In last week’s Re­former we re­ported on the Syr­ian refugees. As we stand on the brink of ac­cept­ing peo­ple flee­ing terror, we look at­the for­got­ten asy­lum seek­ers of­World War One

Rutherglen Reformer - - News - Dou­glas Dickie

In 1914, Bri­tain held out its hand to the peo­ple of a small coun­try, less than 100 years old, who were faced with one of the great­est mil­i­tary on­slaughts of all time.

On Au­gust 4 that year, the Ger­man army at­tacked the neu­tral state of Bel­gium as they tried to make a quick break­through to France and the English Chan­nel ports. The as­sault was the fi­nal spark in bring­ing the UK into the con­flict which be­came known as the Great War. The breach of Bel­gian neutrality was viewed by many as the most heinous crime the Ger­man’s could com­mit. Around 250,000 refugees from ‘plucky lit­tle Bel­gium’ made their way to the UK in those early days of WWI, a fig­ure dwarfed the mil­lions seek­ing to flee Syria.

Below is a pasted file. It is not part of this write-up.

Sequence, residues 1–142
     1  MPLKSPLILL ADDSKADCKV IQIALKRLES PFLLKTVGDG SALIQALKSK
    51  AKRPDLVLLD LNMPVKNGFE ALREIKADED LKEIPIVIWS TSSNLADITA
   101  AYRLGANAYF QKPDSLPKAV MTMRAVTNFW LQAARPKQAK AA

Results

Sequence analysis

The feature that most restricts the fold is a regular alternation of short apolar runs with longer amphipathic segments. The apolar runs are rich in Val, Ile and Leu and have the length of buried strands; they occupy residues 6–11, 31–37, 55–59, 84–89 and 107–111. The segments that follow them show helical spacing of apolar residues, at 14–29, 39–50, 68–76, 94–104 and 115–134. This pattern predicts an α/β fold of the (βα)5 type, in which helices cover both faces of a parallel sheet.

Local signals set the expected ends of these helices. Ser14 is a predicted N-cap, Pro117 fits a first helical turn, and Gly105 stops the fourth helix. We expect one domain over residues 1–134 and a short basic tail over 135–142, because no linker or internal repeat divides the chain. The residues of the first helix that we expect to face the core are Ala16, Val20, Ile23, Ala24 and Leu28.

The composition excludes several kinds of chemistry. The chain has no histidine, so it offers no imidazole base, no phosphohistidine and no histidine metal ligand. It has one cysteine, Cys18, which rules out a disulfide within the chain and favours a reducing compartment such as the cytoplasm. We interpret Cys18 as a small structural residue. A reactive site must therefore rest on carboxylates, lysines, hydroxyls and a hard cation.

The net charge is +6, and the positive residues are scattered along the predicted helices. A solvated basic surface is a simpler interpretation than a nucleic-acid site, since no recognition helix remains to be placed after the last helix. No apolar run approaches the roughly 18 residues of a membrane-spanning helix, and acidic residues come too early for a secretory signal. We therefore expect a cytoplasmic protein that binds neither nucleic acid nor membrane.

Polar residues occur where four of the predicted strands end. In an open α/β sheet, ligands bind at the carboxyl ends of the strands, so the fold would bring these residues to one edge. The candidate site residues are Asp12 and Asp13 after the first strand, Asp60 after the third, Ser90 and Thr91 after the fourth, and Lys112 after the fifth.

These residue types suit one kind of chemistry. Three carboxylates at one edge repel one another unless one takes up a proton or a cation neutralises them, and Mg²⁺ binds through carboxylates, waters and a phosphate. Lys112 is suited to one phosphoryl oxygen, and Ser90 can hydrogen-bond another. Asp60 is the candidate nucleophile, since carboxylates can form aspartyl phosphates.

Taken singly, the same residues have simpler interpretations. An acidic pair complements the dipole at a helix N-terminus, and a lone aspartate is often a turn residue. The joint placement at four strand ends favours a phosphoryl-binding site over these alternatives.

Around 100 of them, although prob­a­bly more, made it to Ruther­glen and Cam­bus­lang.

And they were met with an out­pour­ing of hu­man­ity.

Ru­glo­ni­ans wel­comed whole fam­i­lies into their homes. Fifty-two were in­vited to stay at Spring­hall House and Farm. The Bel­gians were of­fi­cially called “guests of the Ruther­glen Cor­po­ra­tion”.

The Re­former ran ar­ti­cles about events to raise funds, in­clud­ing a grand con­cert at the Town Hall. The piece reads: “The pro­gramme is sus­tained by lo­cal favourites and by pa­tro­n­is­ing this con­cert not only will the Bel­gians in our midst be re­lieved, but a mu­si­cal treat is as­sured to all.”

The con­cert was pro­moted by Mr Craw­ford, the Parish Church or­gan­ist who was “anx­ious to hand over a hand­some sum to this very laud­able fund”.

Peo­ple were very gen­er­ous, they seemed to open up their homes, of­fered food and clothes

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